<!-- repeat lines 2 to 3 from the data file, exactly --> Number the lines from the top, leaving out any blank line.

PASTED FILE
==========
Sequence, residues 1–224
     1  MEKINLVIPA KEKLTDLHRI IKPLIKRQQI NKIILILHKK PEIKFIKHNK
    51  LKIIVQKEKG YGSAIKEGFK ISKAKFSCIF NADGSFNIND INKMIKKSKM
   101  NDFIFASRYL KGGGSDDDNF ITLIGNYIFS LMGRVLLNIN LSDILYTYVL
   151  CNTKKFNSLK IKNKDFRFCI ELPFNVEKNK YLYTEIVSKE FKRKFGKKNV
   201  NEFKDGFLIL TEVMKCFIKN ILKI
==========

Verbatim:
     1  MEKINLVIPA KEKLTDLHRI IKPLIKRQQI NKIILILHKK PEIKFIKHNK
    51  LKIIVQKEKG YGSAIKEGFK ISKAKFSCIF NADGSFNIND INKMIKKSKM